CDOGS Conference of Dalhousie Oceanography Students Annual ConferenceOn Friday March 23, 2018

Dalhousie University

Halifax, Nova Scotia

We invite you to give a presentation and attend the Conference of Dalhousie Oceanography Graduate Students (CDOGS). This is an opportunity for you to share your research and learn about the research of your peers in a friendly environment. The day will be structured in a conference style, with 15 minutes per speaker (including set-up and questions). Although only graduate students and post-docs are invited to present, we will be inviting faculty and the public to attend, including the faculty and staff of the Department of Oceanography, scientists at the Bedford Institute of Oceanography, and the general public.

Are you wondering what to talk to about? In short: whatever you want. Are you a new student? You could talk about your previous work, a class project, or ideas that may end up in your thesis proposal. Are you a world expert on photosystem II or mixed-layer turbulence? We'd also like to hear about it -- just make sure we can understand.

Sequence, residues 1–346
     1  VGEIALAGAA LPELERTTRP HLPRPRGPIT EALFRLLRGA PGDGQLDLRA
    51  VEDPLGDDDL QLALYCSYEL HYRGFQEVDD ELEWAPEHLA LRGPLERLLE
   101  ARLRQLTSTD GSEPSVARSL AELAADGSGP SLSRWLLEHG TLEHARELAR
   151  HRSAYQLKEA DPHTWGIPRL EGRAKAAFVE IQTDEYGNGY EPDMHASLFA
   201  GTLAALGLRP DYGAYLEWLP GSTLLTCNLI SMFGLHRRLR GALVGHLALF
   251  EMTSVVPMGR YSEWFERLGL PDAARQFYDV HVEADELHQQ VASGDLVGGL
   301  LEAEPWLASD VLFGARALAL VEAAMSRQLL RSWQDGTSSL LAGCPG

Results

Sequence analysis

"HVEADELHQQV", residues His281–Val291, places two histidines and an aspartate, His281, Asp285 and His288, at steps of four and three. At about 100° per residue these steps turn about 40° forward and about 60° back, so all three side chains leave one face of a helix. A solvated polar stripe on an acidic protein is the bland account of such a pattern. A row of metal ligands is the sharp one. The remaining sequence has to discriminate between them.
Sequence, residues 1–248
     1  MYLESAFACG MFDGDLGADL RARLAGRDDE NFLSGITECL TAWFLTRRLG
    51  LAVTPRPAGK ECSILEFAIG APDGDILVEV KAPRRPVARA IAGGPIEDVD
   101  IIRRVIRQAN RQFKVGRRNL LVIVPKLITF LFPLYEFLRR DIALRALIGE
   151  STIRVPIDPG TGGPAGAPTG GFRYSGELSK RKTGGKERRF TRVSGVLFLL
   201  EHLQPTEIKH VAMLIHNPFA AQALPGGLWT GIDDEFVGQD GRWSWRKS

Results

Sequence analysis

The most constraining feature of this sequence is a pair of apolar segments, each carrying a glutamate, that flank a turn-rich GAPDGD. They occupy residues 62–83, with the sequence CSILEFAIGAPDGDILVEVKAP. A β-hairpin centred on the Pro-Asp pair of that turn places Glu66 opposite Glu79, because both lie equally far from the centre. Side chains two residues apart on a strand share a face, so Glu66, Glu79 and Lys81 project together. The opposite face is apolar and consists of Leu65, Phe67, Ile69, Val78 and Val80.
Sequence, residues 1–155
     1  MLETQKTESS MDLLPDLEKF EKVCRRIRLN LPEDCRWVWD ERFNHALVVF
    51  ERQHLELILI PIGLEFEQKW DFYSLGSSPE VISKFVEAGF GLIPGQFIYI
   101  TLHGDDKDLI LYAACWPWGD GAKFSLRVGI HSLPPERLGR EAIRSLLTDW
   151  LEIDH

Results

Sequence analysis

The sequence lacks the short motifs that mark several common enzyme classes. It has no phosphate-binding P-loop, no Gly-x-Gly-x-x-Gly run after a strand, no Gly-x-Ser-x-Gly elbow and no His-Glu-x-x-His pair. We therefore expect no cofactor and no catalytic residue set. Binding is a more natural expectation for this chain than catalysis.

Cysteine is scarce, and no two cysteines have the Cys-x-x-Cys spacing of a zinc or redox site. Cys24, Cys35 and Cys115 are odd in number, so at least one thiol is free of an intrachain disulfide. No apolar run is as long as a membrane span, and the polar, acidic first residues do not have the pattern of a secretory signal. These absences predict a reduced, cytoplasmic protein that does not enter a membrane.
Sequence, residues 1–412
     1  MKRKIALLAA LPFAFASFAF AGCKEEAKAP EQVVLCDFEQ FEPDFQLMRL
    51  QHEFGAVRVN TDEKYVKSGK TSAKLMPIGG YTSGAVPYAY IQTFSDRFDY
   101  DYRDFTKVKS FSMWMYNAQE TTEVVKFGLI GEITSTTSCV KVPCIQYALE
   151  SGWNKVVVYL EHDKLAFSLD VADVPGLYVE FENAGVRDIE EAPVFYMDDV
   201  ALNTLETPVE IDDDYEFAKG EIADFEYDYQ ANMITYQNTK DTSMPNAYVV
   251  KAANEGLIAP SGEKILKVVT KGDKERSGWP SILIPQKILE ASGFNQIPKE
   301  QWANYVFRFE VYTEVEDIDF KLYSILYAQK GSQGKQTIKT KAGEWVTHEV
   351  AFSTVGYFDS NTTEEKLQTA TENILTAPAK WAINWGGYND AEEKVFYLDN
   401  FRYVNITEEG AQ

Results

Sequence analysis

Registration for this year is now closed. Thank you!

Undergraduate Poster Session: This year we have 12 undergraduate students participating in a poster session as part of CDOGS. Come by at lunch to see their exciting work.

Event Schedule

Reminder: Speakers are given 15 minutes per talk, including set up, presenting, and questions.

• 2018 Abstract Book Available Here
• 9:15 - Colleen Wilson

Wave-Current-Turbulence Interactions in a High-Flow Tidal Channel

• 9:30 - Colin Hughes

Surface Wave Effects on the Wind-Power Input to Mixed Layer Near-Inertial Motions

• 9:45 - Pengcheng Wang

Tidal Modulations of Surface Gravity Waves in the Gulf of Maine

• 10:00 - Meg K. Carr

Reducing vessel strike risk to North Atlantic right whales in the Gulf of St. Lawrence

• 10:15 - Bin Wang

A data-assimilative physical-biogeochemical model for the Gulf of Mexico

• 10:45 - Christoph Renkl

A First Step Toward Downscaling Subseasonal Predictions of Ocean Extremes

• 11:00 - Krysten Rutherford

Elucidating carbon transport mechanisms that drive air-sea CO2 fluxes on continental shelves: A numerical modeling study for the Scotian Shelf